Cystoscopy under general anaesthesia revealed a small capacity bladder (less than 100mls). The bladder mucosa was friable and appeared to be “tearing” with distension. Due to persistent bleeding and mucosal tearing on distension the procedure had to be abandoned and a bladder biopsy therefore was not performed. The patient was then catheterised and treated conservatively.

Based on the cystoscopic findings a bladder perforation was suspected and a post operative CT scan was performed to confirm the diagnosis. The CT scan showed free fluid and gas in the pelvis. There were locules of gas and extensive haematoma within the bladder suggestive of an extraperitoneal bladder perforation (Figures 1 and 2).

A more detailed history at this point revealed that he has been abusing ketamine intermittently as a recreational party drug (not daily usage). His weekly consumption of ketamine was variable and the patient was unable to quantify the amount used. His haematuria settled with conservative management. The catheter was left in situ for four weeks. At the time of discharge from hospital he was advised to stop ketamine abuse. After cessation of ketamine abuse and catheter removal he reported remarkable improvement in his symptoms. There was no further recurrence of haematuria. One year after discontinuing ketamine abuse he has ongoing frequency which he does not find troublesome.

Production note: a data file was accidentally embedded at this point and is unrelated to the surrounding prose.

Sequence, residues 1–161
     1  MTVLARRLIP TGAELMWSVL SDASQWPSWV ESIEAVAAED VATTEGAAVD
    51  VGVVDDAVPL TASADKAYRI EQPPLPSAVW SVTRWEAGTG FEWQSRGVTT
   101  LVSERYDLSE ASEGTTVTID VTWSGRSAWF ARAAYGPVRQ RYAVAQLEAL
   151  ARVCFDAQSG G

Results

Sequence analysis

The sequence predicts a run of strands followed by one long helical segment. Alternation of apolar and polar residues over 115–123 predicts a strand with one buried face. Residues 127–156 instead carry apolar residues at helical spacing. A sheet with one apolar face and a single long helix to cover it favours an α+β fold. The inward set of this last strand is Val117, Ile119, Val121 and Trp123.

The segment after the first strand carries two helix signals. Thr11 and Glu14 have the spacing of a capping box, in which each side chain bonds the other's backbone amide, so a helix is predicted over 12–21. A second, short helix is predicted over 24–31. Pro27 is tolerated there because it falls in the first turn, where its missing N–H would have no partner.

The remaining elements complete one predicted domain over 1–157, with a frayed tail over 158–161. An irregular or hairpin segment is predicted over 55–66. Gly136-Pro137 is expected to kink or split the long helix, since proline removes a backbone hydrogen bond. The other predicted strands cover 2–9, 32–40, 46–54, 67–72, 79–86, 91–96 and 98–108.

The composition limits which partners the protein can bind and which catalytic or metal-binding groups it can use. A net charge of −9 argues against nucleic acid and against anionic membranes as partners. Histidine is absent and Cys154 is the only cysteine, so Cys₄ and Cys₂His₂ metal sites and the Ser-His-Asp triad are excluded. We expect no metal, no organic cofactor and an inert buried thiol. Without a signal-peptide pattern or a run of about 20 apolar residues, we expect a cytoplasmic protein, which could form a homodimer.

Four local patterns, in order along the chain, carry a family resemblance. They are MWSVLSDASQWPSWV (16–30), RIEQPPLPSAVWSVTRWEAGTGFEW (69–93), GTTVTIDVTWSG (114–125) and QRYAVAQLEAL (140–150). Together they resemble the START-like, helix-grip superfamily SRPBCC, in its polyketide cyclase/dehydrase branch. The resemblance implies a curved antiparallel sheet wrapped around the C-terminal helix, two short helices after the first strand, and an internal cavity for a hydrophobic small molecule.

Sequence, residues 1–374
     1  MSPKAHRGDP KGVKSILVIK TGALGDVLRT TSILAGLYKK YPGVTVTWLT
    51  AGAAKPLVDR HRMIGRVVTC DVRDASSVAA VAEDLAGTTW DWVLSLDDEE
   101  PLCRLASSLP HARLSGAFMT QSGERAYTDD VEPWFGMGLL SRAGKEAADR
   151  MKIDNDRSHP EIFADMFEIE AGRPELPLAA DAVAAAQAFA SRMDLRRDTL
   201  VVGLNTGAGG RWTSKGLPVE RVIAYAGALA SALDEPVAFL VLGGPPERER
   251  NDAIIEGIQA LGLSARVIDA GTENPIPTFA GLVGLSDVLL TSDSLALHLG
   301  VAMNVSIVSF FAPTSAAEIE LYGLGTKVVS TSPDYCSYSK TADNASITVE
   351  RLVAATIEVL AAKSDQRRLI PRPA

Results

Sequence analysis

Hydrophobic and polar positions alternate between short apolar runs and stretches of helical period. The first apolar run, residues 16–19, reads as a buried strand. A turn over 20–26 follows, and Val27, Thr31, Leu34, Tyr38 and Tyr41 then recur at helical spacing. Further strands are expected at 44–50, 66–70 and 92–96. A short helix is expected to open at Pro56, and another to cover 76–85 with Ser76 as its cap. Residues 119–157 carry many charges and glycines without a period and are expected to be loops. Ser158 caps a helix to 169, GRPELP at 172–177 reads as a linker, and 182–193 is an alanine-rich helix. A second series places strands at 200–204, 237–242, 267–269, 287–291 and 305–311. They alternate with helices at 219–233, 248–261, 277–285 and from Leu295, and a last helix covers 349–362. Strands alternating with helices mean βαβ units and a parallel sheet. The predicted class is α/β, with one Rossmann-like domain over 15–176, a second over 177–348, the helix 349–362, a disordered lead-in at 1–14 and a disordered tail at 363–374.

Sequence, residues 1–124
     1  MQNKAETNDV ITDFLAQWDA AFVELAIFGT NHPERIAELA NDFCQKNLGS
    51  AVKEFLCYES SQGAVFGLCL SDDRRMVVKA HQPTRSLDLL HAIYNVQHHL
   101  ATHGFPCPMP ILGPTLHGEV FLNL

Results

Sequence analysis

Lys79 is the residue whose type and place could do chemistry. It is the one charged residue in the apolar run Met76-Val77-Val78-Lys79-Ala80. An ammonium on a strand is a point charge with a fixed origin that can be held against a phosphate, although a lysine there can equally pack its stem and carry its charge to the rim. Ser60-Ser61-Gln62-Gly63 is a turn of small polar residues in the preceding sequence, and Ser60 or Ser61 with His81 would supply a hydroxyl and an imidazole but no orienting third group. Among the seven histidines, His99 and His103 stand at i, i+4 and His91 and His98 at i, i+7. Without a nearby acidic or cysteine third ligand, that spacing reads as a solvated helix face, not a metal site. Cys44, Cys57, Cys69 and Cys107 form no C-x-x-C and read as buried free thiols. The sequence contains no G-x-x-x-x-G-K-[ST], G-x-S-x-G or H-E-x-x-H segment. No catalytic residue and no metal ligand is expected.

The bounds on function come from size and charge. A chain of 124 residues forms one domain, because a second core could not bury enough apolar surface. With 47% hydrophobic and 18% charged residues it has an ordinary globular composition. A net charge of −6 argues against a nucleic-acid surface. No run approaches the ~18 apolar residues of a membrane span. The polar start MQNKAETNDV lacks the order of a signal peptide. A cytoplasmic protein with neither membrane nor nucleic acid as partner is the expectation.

Once his symptoms resolved a repeat cystoscopy and bladder biopsy under general anaesthesia and a frequency volume chart to assess functional bladder capacity were recommended. However the patient repeatedly failed to respond to our requests to attend urology department for further evaluation. He was subsequently discharged from follow up.

Hospital study of patients prescribed ketamine

A thesis paper by Khurram Shazhad attempts to make sense of ketamine’s effect on the bladder. He was part of a team that conducted a study at James Cook University Hospital in Middlesborough. The study examined tissue from patients who had been prescribed ketamine (‘analgesic ketamine’).

Shazhad concludes (p. 85) that the casual user’s bladder problems may heal by themselves once ketamine use stops.

Patients taking analgesic ketamine may experience problems within weeks or months. One patient who had been prescribed ketamine over a period of three years required surgical intervention. Shazhad’s paper also posits that increased concentration and daily use of ketamine may exacerbate bladder problems.